Fruit or vegetable? Tomayto or Tomarto? The immortal questions that have been haunting every culinary linguist for centuries. We are none the wiser, although we can tell you the history, current market, and product segmentation of the delicious red vegetable.
History of the Tomato and Tomato Paste
The tomato was originally a resident of Western South America. The wild tomatoes were initially small and yellow. While the exact date of the first cultivation of the tomato is not known, the Aztecs and the Mesoamericans used it in their cooking. The Pueblo natives believed that eating tomato seeds gave them divine powers (like the power of acid reflux). By 500 BCE It was being cultivated in Southern Mexico.
For centuries, the secret of the tomato remained in South America, however, Hernan Cortes, a Spanish Conquistador was the first person to bring a small yellow tomato to Europe, having captured the Tenochtitlan, which is now Mexico City in 1521, although rumour has it that Christopher Columbus brought them back as early as 1493. After the Spanish colonised South America, they distributed the tomato to their other colonies, including the Philippines, from where it spread across Asia. The tomato grew well in the Mediterranean climate, and cultivation began in 1540.
Tomatoes reached Italy in 1548, and were grown initially as ornamentals early after its arrival. They were cultivated for the first time in England in 1590, however, medical practitioner John Gerard published that it was poisonous and unfit for consumption. This meant that not many tomatoes were eaten in Britain and its colonies for several years.
Tomato paste was born in kitchens throughout Italy, however word got out about its delicious and powerful taste, and soon it was produced in households across other Mediterranean countries. Although many households had very different recipes for tomato paste, it is now almost exclusively produced commercially.
The Current Market
Tomato accounts for 19% of the fresh vegetable market, and is one of the most important and popular vegetable in Europe. The tomato paste market has not seen much growth since 2011/12, before which the annual growth of the tomato paste market was around 6%. However, in the last year there was a growth of 1.6% which relative to the volatility of the market, is significant.
In terms of a regional analysis, China, USA and Italy are the main exporters globally, followed by Spain, Brazil and Turkey. China has seen a decrease in exports since 2011/12, whereas Italy has been relatively stable. Elsewhere, Spain has almost doubled since 2013, representing the most significant growth in the market. While Chile and Portugal also continue to increase their exports year on year, Turkey and Greece’s exports have been decreasing.
It is expected that the market will begin to grow over the next five years, due to growing manufacturers efforts to improve their production capacity.
Tomato paste is very versatile and is a crucial ingredient in many different applications.
- Paste: 28-30/ 30-32/ 36-38 (Brix)
- Colour: Above 2.0 – Between 1.9- 2.1- Acceptable based on application, but 2.15- 2.6: ideal for most products.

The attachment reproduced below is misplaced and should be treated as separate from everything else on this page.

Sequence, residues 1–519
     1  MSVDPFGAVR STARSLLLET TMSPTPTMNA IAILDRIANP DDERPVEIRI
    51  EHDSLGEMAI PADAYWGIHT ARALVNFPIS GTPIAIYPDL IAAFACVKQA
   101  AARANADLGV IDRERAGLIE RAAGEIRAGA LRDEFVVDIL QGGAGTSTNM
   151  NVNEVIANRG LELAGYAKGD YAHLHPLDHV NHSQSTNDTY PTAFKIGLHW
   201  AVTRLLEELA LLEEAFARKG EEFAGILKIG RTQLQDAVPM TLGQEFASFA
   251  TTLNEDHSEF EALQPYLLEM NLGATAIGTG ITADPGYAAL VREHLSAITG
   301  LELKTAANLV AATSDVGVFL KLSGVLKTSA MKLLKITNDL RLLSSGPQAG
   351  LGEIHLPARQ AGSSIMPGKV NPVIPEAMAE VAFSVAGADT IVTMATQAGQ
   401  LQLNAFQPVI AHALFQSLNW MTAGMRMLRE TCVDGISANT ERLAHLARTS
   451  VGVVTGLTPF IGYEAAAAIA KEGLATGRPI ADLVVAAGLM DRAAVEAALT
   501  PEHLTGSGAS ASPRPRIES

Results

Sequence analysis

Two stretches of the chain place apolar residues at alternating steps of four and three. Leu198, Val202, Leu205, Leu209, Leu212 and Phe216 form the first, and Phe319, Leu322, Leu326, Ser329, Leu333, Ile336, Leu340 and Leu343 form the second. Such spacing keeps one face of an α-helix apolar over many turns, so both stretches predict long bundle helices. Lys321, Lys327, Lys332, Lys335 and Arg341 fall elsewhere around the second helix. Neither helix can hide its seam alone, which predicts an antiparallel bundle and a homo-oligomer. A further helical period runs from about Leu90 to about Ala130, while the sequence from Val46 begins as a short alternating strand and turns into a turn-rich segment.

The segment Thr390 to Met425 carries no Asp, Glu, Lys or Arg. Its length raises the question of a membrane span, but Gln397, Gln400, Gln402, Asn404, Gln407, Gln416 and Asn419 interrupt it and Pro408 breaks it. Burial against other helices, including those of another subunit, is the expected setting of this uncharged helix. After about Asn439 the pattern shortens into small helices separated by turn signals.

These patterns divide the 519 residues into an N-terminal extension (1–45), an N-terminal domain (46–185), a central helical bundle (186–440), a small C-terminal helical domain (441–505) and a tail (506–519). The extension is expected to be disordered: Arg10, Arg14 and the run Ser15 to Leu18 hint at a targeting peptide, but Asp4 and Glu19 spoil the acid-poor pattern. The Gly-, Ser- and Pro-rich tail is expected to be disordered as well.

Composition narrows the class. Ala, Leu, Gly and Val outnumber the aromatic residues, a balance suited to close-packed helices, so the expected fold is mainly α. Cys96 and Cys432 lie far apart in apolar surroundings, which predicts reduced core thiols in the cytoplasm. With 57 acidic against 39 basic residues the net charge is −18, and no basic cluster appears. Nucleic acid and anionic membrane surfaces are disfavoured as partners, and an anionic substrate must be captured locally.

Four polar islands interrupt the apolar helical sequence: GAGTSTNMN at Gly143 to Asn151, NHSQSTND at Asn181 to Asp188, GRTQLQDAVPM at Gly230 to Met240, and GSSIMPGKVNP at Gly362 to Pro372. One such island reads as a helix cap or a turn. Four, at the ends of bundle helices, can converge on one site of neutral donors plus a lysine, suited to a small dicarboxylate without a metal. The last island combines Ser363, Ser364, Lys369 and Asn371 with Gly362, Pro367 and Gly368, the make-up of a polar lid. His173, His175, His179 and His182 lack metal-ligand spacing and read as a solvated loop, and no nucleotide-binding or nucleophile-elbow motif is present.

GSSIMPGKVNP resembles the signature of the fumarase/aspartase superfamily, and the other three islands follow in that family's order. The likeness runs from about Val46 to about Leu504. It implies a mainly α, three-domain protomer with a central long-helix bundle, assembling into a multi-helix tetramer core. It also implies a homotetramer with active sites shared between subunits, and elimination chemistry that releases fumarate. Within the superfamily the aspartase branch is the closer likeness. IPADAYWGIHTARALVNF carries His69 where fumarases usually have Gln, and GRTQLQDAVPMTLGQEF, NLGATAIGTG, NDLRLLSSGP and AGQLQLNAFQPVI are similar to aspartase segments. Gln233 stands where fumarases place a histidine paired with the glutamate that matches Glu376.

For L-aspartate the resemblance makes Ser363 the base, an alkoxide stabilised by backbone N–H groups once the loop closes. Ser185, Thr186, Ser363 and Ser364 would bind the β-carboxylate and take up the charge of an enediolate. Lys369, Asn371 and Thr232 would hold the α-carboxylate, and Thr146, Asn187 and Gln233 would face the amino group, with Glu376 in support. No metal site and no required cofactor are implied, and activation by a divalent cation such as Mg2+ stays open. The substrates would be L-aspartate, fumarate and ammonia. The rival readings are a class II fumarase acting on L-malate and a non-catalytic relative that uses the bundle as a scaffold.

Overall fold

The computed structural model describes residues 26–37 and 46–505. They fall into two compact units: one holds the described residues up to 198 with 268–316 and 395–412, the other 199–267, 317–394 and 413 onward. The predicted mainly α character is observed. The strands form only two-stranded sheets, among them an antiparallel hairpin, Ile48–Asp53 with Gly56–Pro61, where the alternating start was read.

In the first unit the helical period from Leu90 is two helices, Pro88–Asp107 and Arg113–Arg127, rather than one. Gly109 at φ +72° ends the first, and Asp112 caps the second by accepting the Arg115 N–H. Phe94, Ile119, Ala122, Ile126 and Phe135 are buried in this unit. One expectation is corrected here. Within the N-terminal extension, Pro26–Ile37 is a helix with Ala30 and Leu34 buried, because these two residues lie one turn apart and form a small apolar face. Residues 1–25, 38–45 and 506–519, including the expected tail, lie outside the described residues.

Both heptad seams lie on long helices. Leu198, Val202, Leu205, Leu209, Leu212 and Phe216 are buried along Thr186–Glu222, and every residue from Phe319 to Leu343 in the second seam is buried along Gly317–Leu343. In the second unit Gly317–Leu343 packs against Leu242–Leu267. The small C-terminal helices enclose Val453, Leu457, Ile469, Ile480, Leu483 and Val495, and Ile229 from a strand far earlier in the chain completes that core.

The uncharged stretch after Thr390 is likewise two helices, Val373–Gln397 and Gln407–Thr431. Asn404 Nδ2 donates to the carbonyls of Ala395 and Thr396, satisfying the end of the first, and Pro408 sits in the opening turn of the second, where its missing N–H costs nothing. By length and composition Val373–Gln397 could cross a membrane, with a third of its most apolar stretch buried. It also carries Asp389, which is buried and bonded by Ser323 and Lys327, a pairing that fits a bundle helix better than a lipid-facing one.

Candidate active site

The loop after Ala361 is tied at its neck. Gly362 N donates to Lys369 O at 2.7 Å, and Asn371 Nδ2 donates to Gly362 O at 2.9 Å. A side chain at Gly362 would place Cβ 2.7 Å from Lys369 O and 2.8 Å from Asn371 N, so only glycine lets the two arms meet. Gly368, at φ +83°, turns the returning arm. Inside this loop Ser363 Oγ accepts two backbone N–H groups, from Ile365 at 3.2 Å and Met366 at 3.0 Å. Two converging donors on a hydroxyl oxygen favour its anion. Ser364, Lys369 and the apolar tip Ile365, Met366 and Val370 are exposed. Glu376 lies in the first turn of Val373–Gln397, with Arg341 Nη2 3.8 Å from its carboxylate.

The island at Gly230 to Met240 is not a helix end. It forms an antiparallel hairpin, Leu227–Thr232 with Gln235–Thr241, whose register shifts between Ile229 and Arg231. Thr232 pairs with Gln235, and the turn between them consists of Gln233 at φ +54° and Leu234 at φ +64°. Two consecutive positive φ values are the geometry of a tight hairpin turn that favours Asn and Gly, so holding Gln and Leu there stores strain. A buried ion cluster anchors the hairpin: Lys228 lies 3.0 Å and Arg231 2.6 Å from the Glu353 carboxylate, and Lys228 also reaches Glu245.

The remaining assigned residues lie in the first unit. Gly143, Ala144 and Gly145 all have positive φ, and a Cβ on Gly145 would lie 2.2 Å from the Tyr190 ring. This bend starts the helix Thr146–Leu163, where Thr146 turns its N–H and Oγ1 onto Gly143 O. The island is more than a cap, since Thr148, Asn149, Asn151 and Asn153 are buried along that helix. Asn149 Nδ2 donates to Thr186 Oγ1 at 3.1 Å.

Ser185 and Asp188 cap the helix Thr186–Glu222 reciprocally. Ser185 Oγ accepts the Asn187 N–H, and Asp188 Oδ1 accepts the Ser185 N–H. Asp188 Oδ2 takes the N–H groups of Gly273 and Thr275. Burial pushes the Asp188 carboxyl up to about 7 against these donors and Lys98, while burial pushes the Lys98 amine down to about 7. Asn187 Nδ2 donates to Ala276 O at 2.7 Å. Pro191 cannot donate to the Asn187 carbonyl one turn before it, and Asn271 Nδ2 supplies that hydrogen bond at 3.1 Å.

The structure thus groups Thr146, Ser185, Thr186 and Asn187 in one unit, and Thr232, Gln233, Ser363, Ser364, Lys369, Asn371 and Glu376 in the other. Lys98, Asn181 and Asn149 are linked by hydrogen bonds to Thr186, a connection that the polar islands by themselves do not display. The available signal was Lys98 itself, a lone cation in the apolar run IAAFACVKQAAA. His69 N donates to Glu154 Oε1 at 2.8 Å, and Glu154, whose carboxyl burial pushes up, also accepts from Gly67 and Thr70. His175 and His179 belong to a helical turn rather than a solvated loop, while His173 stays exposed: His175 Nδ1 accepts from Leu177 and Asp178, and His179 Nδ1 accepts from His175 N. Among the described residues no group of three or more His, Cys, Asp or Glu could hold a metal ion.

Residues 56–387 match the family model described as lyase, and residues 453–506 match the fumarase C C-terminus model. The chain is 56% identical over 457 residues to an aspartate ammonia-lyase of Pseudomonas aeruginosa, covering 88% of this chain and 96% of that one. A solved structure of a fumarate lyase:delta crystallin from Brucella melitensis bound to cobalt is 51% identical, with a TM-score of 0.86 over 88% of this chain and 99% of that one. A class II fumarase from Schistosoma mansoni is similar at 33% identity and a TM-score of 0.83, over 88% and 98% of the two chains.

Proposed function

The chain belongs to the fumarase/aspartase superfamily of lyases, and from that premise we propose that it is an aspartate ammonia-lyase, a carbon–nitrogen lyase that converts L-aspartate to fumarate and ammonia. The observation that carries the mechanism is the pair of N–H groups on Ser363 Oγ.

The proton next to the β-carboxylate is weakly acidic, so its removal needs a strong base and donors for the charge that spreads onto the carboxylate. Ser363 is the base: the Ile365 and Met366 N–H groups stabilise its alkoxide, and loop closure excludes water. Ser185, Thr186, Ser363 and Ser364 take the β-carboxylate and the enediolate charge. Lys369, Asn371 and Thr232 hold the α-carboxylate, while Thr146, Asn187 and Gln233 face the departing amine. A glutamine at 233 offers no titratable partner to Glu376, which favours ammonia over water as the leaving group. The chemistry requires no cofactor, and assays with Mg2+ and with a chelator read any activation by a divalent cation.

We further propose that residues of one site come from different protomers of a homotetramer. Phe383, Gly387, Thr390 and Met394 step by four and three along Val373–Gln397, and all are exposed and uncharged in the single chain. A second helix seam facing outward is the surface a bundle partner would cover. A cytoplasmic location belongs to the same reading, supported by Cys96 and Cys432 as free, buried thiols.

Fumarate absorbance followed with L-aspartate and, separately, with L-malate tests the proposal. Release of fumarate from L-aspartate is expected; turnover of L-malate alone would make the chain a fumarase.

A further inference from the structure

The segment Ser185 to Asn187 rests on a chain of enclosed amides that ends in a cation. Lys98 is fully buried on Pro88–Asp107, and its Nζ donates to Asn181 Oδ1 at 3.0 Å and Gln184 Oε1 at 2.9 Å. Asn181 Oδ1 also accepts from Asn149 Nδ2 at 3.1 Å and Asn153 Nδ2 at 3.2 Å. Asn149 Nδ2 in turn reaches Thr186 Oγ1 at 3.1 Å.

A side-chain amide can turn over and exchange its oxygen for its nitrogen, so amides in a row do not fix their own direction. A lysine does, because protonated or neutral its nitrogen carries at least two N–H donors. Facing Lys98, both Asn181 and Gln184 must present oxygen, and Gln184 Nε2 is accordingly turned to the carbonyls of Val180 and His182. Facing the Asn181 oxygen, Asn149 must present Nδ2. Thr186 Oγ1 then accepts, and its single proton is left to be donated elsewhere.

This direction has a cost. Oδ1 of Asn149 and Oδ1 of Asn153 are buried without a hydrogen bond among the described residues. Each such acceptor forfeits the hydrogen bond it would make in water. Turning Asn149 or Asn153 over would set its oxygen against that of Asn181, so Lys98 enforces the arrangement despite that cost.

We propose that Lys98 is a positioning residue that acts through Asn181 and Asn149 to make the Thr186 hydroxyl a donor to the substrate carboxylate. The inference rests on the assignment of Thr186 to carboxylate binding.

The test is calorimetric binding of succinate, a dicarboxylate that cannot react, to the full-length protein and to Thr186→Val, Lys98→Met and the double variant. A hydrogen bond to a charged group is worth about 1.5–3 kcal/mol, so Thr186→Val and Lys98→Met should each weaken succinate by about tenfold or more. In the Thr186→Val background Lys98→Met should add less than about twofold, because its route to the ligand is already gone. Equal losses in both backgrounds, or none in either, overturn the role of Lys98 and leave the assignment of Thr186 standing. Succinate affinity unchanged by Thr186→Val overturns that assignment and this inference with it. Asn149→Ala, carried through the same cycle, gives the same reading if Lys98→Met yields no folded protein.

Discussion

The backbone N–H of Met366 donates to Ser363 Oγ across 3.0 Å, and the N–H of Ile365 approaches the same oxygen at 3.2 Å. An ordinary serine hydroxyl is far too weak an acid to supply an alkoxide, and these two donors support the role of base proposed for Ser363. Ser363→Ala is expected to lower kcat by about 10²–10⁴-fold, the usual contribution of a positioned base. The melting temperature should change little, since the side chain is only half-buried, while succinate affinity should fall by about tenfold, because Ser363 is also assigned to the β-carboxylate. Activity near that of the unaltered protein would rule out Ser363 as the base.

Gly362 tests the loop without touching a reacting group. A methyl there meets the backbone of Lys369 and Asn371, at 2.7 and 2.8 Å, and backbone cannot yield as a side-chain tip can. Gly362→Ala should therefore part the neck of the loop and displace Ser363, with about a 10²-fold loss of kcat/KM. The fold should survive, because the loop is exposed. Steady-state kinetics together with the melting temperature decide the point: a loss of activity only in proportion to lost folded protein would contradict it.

- pH: 4.5 max, but the difference in pH affects the flavour of the paste.
- Storage Temperature: 30-45oC
- Shelf Life: 24 months
- Avoid: Exposure to air degrades Vitamin C content, keep away from direct sunlight and heat.
- Supplied in: 220L metallised foil film bags, inside 20kg steel drums with food grade paint, and then the Containers covered in shrink wrap.
- Applications: Tomato Paste is sold on its own, for domestic culinary use, but it is also used to help flavour tomato soup and juice, as well as ketchup and pizza sauce. The use of the paste depends on how the paste has been made. If the chopped tomatoes are heated at 60oC, which is known as a cold break, it will be less viscous and so used in thinner products such as soups and juice. If it is heated at 90oC, a hot break, then it will be more viscous and therefore used in products such as ketchup and pizza sauce.
Tomatoes are a major source of the antioxidant lycopene, which is good for the heart and effective against cancers. They also contain a carotenoids, which are a group of phytochemicals that are important for the maintenance of eye health, as well as helping prevent UV damage to the skin.
Tomatoes are a great source of vitamin K, which helps blood clotting and the healing process, as well as bone and cardiovascular health as well. Tomatoes are also rich with vitamin A, C, calcium and potassium, which each carry their own benefits.
Finally, a study has shown that tomatoes can help to relieve symptoms of menopause, such as anxiety, and unstable heart rates. It’s well established that it is better to cook tomatoes as opposed to eating them raw in order to bring out their full nutritional value.
- The Guinness World Record for the most tomatoes harvested from one plant over a year is 32,194 between May 2005 and April 2006. That’s a very busy plant.
- The myth is busted – The tomato is a FRUIT because it has seeds and grows from a flowering plant.
- The botanical name for tomato is Lycopersicon lycopersicum, meaning a wolf peach.
- The tomato is not mentioned once in either the bible or the complete works of Shakespeare.
Glad you’ve just learnt about tomatoes? If you’d like to find out more about tomatoes, or any of the other ingredients we supply, please contact us.
Author: Hugo Rook
Photos: Rodion Kutsaev, Robert Kalinagil & Elaine Casap